Skip to main content

What is Manifest Destiny? Page 4

<strong><em>Chinese Labor on Trans-Continental Railroad</em><br /></strong>

Chinese Labor on Trans-Continental Railroad

The Chinese were a crucial component of the labor force during the California Gold Rush, and the building of the Trans-Continental Railroad. These were two important historical events that had much to do with expansion. But the idea of Manifest Destiny encouraged the exploitation and the abandonment of them. In 1882, the Chinese Exclusion Act, which prohibited the immigration of all Chinese, became a federal law.[6]

<em><strong>The Ideal American Family</strong></em>

The Ideal American Family

From the Anglo-American perspective, westward expansion, and its justification in the ideal of Manifest Destiny, was successful beyond anyone’s imagination. The United States realized its dream of spreading across the continent, coast to coast. It certainly helped to create a large country with the resources to carry the United States into the Industrial Age, as well as gain political power world-wide. But it also continued a practice that was evident since the first European set foot in the Americas, and that was to create a society that would have its foundation in white supremacy.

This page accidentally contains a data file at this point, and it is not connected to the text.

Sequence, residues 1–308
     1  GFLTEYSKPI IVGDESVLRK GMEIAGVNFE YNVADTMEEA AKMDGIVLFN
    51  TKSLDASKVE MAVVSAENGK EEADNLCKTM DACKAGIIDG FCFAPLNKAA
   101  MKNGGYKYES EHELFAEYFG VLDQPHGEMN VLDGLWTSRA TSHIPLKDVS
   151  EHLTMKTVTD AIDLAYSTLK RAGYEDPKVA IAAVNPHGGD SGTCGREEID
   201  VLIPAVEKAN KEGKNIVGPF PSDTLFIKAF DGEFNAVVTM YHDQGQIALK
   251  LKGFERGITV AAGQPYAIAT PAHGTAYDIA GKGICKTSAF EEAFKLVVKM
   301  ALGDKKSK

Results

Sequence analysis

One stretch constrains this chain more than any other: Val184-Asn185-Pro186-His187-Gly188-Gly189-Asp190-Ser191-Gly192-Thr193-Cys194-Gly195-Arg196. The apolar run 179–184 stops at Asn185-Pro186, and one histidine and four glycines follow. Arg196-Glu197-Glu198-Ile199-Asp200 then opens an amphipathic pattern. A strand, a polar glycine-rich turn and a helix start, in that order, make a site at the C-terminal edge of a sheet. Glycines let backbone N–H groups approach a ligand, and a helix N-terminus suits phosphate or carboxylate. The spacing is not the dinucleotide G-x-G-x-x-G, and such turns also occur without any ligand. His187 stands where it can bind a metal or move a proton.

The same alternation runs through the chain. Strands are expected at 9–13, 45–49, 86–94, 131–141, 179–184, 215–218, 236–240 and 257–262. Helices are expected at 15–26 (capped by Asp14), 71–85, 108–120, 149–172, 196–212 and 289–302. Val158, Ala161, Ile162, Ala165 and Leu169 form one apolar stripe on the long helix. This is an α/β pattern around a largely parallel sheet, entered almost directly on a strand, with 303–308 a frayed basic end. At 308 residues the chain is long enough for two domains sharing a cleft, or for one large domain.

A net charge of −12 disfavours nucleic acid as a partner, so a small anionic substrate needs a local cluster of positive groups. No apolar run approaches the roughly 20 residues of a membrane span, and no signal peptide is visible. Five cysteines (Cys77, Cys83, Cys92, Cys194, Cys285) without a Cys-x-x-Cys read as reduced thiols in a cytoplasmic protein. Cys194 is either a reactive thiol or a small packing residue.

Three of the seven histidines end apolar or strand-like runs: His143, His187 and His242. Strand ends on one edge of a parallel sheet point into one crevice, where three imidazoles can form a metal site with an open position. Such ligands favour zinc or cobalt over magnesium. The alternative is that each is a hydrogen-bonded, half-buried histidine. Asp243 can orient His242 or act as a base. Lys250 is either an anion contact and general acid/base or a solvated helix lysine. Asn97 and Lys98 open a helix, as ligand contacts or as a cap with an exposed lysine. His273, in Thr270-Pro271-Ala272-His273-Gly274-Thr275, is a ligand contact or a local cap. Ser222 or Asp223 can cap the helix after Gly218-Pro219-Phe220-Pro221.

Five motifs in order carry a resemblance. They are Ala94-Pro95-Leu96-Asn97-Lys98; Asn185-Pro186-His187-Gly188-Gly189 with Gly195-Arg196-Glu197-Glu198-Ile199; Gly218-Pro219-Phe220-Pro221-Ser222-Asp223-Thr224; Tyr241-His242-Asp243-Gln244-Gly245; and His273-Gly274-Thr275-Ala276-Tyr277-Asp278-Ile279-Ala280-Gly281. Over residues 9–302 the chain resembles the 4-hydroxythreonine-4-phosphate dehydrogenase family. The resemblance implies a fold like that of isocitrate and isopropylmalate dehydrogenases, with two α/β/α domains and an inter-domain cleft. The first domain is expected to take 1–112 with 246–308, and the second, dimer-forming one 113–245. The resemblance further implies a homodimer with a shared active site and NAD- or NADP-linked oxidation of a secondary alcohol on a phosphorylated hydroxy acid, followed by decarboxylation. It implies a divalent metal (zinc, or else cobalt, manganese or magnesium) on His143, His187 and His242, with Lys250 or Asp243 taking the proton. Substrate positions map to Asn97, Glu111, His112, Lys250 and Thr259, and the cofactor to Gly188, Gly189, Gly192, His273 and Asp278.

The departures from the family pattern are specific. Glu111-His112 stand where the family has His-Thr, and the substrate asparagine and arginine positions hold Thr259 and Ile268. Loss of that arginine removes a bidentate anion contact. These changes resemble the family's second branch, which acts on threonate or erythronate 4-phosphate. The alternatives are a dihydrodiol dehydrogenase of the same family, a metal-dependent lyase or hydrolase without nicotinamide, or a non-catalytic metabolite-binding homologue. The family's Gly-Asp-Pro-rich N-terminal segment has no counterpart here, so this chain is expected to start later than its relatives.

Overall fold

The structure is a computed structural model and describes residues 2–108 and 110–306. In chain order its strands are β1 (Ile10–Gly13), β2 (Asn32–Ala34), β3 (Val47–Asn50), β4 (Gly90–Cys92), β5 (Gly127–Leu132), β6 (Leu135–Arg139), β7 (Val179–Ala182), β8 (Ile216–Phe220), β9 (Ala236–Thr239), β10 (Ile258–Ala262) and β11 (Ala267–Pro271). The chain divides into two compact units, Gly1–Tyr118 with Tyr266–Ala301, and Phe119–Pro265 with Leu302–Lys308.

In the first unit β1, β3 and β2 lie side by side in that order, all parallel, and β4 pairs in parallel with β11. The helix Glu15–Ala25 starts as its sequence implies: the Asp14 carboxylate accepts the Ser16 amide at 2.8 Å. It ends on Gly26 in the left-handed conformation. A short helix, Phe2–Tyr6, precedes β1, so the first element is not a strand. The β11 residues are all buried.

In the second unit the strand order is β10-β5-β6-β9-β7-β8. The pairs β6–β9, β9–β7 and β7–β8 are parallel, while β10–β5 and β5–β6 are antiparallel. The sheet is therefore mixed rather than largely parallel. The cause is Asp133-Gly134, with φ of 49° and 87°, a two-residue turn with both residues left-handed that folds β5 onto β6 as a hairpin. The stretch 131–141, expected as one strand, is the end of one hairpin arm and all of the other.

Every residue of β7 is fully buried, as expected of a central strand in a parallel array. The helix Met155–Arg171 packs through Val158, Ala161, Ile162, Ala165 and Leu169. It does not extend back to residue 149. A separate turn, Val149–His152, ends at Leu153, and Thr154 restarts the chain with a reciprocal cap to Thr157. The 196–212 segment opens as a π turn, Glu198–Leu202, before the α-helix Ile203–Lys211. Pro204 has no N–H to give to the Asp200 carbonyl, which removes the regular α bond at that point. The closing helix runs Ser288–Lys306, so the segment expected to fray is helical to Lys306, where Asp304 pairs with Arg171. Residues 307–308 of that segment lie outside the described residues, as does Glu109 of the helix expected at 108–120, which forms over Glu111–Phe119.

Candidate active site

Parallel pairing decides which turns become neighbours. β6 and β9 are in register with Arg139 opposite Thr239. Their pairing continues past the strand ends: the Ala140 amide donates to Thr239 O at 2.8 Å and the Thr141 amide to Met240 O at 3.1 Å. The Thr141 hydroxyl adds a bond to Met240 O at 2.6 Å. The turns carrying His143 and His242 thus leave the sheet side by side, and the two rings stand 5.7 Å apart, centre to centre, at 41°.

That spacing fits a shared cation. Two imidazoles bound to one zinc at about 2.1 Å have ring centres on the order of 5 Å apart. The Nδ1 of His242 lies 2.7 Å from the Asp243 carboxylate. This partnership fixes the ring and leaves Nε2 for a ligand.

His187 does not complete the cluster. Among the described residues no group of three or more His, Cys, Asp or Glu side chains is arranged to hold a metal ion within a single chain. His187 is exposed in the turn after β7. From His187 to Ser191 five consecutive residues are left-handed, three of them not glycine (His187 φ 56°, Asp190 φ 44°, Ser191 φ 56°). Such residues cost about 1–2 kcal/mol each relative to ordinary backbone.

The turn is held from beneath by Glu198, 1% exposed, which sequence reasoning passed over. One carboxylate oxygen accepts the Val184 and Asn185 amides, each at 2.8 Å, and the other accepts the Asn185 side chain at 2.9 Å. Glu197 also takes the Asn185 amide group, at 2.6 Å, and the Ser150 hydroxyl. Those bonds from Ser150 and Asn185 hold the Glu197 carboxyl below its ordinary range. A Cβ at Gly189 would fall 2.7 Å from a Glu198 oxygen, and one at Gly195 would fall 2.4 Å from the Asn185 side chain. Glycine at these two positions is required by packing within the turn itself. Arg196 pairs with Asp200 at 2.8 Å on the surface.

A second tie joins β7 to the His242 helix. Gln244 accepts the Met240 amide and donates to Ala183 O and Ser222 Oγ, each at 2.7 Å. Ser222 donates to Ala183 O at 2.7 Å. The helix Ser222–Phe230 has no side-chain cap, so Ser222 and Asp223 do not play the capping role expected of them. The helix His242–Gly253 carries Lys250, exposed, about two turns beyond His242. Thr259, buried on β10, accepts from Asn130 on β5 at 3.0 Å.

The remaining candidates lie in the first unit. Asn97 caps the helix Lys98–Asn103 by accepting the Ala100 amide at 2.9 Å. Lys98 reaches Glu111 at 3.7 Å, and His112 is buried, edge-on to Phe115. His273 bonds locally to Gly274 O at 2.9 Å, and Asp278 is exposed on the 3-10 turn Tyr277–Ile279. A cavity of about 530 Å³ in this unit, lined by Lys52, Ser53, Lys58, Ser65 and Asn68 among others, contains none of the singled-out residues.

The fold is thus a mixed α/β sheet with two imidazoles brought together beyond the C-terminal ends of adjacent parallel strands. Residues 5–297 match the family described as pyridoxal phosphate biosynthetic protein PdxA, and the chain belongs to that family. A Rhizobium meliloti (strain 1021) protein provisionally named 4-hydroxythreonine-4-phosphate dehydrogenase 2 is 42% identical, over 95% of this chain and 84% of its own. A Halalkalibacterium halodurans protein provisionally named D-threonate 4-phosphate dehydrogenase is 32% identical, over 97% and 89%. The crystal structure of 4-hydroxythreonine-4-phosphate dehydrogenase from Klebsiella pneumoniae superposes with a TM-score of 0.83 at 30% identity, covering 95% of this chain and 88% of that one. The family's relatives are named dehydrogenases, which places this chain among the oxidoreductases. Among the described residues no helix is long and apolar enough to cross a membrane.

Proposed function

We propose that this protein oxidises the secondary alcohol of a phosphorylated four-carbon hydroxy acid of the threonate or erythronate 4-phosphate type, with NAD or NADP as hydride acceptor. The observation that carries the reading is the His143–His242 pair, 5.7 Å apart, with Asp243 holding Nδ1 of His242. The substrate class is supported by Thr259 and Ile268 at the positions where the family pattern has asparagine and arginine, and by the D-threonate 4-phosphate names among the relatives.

[1] John L. O’Sullivan, “Annexation,” United States and Democratic Review, 17, no. 1, (July-August 1845), 5-10.

[2] Frederick Merk, Manifest Destiny and Mission in American History, New York: Alfred A. Knopf, Inc. 1963. 24.

[3] Amy S. Greenburg, Manifest Manhood and the Antebellum American Empire, New York: Cambridge University Press, 2005, 20.

[4] Amy S. Greenburg, “A Wicked War,” Pritzker Military Museum  and Library, December 7, 2012, found at minute-mark 45:34, http://www.pritzkermilitary.org/whats_on/pritzker-military-presents/amy-s-greenberg-wicked-war

[5] Ulysses S. Grant, Mary Drake McFeely, ed., Personal Memoirs of U.S. Grant: Selected Letters, 1839-1865 (New York: Literary Classics of the United States, Inc., 1990) 41.

[6] Harvard University Library, “Chinese Exclusion Act,” accessed May 7, 2014, http://ocp.hul.harvard.edu/immigration/exclusion.html